Tuesday, 24 November 2020

Singer spreads the love with homage to hometown theatre

Singer spreads the love with homage to hometown theatre

I CAN’T think of a better way to unwind on a Friday night than sitting down in the Kenton Theatre to enjoy a stripped-back, acoustic set from jazz singer Rebecca Poole, who performs under the moniker Purdy.

Except it wasn’t quite the New Street venue in Henley, it was my sofa more than 20 miles away.

But Purdy did a great job at making us all feel like we were there, singing along, during her Facebook live concert for the Kenton for Keeps Campaign, launched to support the venue during the coronavirus pandemic.

She started her set with a cover of Perhaps Perhaps Perhaps by Doris Day and finished the song saying: “Perhaps someone will donate £100 tonight to the Kenton Theatre.”

Purdy then went into a new song called Make Believe, followed by her 2017 single, Too In Love With Love, which had a very nice Christmas feel to it.

She followed it up with a cover of Paul Young’s I Wish You Love before going into a new original song which she had intended to be a duet.

She said: “I wrote this for me and Frank Sinatra to sing together but he’s not here so I’m going to do it on my own.” In it, she sings: “Love you to the last breath that I breathe” and Purdy added: “Hopefully there will never be a last breath from the Kenton Theatre. We are raising funds for the building right in the heart of my home town.”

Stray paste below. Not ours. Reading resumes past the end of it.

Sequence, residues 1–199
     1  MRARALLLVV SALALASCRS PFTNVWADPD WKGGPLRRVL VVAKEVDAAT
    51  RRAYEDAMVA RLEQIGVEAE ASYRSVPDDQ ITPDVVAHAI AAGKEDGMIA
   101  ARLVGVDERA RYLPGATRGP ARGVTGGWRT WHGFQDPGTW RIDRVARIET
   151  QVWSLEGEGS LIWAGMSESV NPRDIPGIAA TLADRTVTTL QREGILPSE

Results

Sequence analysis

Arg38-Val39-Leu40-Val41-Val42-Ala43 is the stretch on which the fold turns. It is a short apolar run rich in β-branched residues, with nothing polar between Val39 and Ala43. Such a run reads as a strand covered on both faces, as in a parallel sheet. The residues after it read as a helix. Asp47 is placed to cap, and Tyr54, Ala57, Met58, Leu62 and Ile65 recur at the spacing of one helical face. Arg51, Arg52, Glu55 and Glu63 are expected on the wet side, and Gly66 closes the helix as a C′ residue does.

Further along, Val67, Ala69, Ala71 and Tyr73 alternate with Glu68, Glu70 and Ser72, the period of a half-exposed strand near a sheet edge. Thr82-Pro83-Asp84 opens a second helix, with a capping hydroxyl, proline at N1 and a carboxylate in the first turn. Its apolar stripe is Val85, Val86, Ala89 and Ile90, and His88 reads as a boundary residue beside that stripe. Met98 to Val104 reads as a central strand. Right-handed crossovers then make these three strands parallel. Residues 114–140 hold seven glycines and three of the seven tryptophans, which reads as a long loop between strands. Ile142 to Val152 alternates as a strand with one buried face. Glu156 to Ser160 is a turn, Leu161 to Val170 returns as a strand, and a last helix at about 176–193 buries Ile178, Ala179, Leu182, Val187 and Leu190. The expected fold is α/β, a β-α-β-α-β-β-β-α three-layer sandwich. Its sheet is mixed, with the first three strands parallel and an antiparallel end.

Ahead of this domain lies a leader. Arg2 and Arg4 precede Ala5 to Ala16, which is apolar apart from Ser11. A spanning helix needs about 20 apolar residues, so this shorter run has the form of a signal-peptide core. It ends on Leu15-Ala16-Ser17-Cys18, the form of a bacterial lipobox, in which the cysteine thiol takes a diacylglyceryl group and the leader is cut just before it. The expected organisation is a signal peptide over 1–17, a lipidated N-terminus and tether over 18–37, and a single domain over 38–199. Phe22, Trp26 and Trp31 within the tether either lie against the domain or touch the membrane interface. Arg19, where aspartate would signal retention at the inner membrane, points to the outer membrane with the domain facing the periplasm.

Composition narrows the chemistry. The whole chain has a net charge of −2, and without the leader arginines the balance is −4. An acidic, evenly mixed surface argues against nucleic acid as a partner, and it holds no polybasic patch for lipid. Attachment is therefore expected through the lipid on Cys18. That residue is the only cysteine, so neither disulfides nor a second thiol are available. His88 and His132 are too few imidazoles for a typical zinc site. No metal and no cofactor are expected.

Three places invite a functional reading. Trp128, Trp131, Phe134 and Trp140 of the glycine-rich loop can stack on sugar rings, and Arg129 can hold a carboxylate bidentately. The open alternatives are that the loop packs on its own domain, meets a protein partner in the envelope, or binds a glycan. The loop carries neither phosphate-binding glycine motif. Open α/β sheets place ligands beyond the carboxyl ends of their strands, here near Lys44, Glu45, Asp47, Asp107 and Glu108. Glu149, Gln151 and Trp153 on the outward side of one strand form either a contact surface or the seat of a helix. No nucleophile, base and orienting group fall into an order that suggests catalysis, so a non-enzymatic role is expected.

It was clear how much the theatre means to Purdy, who grew up in Nettlebed, and her music sounded at home up on the theatre’s stage.

Perhaps my favourite moment of the concert was Purdy’s surprisingly realistic trumpet impression in her original song Bottom of the Bottle in homage to Vera Lynn’s We’ll Meet Again.

I’m desperate to hear what the original trumpet version sounds like because I don’t think it can beat Purdy’s acoustic version.

She then finished with what I think is now one of my favourite songs, her 2020 release, Happy. It was very upbeat and it must have had people dancing on their sofas (or at the very least, me), after she reminded the audience that the lockdown will be okay. She said: “We’ll be fine, we’ll get through to the other side, we’ve got each other.”

The song was still stuck in my head days after the live concert except my voice doesn’t sound quite as elegant as Purdy’s.

Jamie McMcredie, Purdy’s guitarist, was also brilliant, prompting one viewer to comment on the live stream: “He can really play that thing!”

The entire performance was a joy to watch and, at the very least, Purdy has a brand-new fan. I am not quite sure she’d enjoy me murdering her songs, though.

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